Michael de Verteuil, Head of Business Development at Linedata who is based in Paris, commenting in the wake of the firm’s survey says: “While the key challenges of managing regulatory change and maintaining operational efficiencies remain at the fore, the threat from cyber criminals has been added to asset managers’ growing list of concerns.”
Highlighting how matters have progressed and the response of authorities in the US, the Department of Homeland Security (DHS) last October made the month ‘National Cyber Security Awareness Month 2015’. “Cybersecurity is a top priority for DHS. Cyber threats are increasing in their frequency, scale, and sophistication,” stated Alejandro Mayorkas, Deputy Secretary of Homeland Security as the initiative commenced.
Coinciding with that DHS’s efforts, US exchange Nasdaq made cyber security its inaugural topic in its Nasdaq ‘POINT’ Series, which is a new quarterly corporate threat preparedness initiative.
Technology Deployment Key
Mr de Verteuil, who was involved in founding Linedata alongside Anvaraly Jiva, argues that the “judicious use of technology” in addition to adoption of best practice, is “vital for firms wishing to differentiate themselves and add value to their offering in today’s marketplace.”
It was also a line I heard underscored at a briefing at the British Bankers’ Association in London earlier in the week (24 February 2016) covened by Merit Software on preparing for the US Internal Revenue Service’s (IRS) Section 871(m) tax regulations, which address withholding and dividend equivalent payments on certain notional principal contracts, derivatives and other ‘equity-linked’ instruments for non-US persons.
Alongside other transaction taxes (e.g. the EU’s Financial Transaction Tax (FTT)), complying with 871(m) will require many data items and statistics to be pulled together by firms across a wide variety of instrument types. (Note: The 871(m) regulations will generally apply to transactions issued on or after 1 January 2017). So, with ten months to go firms need to get ready and have systems in place.
Searching For Efficiencies
“In the hunt for greater efficiencies, technology can reduce costs and improve margins while offering both clients and businesses a faster, more comprehensive and intuitive experience,” says de Verteuil. “Meanwhile, new technology is driving change in the sector, both in terms of the products it can support and the way it can support them.”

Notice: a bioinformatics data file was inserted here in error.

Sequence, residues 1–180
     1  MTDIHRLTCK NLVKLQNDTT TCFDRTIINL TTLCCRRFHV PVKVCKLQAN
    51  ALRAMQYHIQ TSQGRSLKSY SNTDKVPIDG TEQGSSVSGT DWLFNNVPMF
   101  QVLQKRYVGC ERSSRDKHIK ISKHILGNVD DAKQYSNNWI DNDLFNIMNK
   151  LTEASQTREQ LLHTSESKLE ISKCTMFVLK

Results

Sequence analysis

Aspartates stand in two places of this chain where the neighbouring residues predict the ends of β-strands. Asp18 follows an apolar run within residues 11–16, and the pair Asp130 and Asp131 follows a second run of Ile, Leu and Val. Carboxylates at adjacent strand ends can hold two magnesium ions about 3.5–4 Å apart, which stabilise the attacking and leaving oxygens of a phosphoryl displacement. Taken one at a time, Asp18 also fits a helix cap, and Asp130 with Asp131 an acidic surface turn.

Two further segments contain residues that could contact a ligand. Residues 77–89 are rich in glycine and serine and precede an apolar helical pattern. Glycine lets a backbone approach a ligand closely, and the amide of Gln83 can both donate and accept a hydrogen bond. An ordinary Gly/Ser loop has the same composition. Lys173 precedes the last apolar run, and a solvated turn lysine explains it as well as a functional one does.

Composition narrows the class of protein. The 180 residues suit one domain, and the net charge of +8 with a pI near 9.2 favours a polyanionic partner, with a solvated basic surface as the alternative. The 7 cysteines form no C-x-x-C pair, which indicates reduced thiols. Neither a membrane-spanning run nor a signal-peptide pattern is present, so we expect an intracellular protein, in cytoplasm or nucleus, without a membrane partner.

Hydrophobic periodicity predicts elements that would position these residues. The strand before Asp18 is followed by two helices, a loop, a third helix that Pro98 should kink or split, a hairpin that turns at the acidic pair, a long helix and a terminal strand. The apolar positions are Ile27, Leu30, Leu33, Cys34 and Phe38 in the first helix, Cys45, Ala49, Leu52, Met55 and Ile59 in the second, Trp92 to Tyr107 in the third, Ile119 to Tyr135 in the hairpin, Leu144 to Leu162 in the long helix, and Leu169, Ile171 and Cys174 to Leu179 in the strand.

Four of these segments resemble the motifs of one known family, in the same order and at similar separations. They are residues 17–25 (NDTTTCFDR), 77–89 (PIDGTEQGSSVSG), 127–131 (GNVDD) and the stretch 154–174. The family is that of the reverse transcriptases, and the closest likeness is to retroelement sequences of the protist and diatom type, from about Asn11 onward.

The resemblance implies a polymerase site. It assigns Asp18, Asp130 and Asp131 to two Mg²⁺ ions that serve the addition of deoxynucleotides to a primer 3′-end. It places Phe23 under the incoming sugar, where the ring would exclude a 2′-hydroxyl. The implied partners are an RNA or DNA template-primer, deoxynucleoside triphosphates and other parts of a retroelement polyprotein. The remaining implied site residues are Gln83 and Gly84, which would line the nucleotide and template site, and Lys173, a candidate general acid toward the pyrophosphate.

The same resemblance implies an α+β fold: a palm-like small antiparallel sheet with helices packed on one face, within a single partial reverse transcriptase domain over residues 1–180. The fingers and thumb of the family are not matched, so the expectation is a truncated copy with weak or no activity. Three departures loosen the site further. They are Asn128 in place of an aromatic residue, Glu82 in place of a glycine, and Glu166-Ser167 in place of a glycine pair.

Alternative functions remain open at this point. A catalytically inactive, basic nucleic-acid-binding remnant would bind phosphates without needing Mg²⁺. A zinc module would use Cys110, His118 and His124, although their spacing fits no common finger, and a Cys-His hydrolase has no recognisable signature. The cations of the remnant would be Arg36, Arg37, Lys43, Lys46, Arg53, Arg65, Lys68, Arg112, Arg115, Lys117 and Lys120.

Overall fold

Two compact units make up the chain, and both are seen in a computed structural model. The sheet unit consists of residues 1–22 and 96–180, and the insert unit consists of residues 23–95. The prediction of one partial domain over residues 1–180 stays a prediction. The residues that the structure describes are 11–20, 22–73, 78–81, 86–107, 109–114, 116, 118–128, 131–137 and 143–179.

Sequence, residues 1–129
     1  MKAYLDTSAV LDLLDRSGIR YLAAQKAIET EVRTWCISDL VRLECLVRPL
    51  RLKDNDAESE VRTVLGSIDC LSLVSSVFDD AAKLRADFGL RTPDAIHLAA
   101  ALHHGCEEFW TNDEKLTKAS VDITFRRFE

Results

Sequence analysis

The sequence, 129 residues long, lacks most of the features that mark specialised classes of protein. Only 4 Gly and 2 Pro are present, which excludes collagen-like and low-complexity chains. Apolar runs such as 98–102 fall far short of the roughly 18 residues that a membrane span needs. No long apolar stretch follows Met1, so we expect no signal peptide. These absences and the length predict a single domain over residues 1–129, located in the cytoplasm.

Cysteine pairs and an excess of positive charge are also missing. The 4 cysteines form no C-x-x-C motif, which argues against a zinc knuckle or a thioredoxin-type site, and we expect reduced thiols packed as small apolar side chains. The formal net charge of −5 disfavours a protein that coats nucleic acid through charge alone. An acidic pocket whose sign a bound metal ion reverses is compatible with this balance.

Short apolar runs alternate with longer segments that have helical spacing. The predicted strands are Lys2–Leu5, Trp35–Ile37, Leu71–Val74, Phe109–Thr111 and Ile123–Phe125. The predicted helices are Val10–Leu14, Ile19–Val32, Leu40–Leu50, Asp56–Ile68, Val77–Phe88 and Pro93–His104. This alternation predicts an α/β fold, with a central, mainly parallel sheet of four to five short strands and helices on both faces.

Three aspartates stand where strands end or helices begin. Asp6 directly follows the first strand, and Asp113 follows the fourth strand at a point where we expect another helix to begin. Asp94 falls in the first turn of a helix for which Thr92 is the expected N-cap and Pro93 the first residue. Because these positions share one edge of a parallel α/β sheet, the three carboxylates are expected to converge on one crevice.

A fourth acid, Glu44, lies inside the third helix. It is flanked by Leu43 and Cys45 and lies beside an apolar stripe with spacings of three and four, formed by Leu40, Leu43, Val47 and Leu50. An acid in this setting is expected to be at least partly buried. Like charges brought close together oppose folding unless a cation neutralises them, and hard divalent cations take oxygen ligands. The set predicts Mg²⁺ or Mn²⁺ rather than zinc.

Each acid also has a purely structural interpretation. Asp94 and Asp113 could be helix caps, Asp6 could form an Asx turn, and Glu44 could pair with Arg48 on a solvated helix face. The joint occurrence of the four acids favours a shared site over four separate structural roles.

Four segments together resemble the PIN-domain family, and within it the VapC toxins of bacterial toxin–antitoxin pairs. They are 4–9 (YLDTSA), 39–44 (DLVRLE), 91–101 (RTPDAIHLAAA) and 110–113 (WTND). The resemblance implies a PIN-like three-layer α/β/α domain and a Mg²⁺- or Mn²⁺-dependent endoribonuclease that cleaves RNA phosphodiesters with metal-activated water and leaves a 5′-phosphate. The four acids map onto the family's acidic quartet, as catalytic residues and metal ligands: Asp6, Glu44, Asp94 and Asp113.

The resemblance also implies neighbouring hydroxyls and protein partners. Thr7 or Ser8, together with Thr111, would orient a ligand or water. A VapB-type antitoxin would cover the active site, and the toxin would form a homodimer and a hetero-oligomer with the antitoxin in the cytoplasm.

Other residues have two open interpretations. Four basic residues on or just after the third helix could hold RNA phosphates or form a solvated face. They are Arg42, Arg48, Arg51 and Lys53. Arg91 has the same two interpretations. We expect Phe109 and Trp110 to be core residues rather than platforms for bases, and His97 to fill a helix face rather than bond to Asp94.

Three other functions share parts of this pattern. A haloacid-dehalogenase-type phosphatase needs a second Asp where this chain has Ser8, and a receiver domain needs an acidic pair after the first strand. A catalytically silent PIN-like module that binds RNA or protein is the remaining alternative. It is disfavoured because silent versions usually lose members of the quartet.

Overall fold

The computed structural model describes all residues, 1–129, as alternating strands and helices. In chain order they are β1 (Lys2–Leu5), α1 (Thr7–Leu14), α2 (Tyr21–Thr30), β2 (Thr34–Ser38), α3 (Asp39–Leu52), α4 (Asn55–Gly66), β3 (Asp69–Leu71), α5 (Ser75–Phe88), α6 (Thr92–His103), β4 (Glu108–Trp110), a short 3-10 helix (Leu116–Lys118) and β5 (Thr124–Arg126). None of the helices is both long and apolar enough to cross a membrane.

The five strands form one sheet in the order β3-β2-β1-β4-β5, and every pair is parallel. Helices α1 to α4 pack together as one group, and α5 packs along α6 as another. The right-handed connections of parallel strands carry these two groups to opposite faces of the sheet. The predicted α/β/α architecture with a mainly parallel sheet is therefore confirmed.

It was interesting to see that the survey found that the lowest ranking challenge is service provider oversight, such as third-party administrators.
The authors of Linedata’s current survey noted in relation to this aspect that: “We see three possible interpretations of this: oversight is not seen as a challenge relative to other more pressing concerns. Or, because our respondents feel that they have appropriate measures in place in terms of service provider oversight, or that this has been an underestimated challenge to date.”
In all events, this is certainly an interesting data point given that the emphasis that regulators are putting on oversight – a concept that is addressed by welter of regulations – in AIFMD, UCITS, MiFID, MiFIR, REMIT and local legislation such as the UK’s FCA rules – to name a few out there on the block.
Cybercrime: Need For ‘Preventative’ & ‘Reactive’ Controls
As regards cybercrime, combatting attacks and staying resilient, firms need not only to take and put ‘preventative’ controls in place – i.e. buying solutions to try and stop it happening in the first place. But perhaps more importantly they need ‘reactive’ controls – alongside with detective controls – to know what actions to take when a cyber attack is identified.
It would also make sense to consider having framework contracts (i.e. period rates) in place in advance when buying Cyber Forensic Services to deal with any attack. By contrast to calling on senior experts in this area at ‘crisis rates’ – at daily rates as high as around £8,000 (c$11,200) – it can prove cost effective having standard market rates at around a third of that figure (c.£2,500-£3,000) through having a framework contract.
Mark Brown, Executive Director, Cyber Security & Resilience, at Ernst & Young LLP based in London, commenting on how much financial institutions spend in addressing cybercrime and whether it’s ever enough, points out: “The problem is not so much how much firms spend [on this area], but rather how they spend it and ensuring they get the right product and/or right advice.”
Knee-jerk reactions and throwing constant pots of money at the problem is not the answer. Firms need to sort out their governance, awareness, their organizational culture and critically “look at the business purpose and processes” according to EY’s Brown. But whatever else, one thing you can be certain over is that the threat of cyber attack is not going away anytime soon. I’m just left wondering when and where the next cyber attack occurs.
This article was written by Roger Aitken from Forbes. This reprint is supplied by BNY Mellon under license from NewsCred, Inc.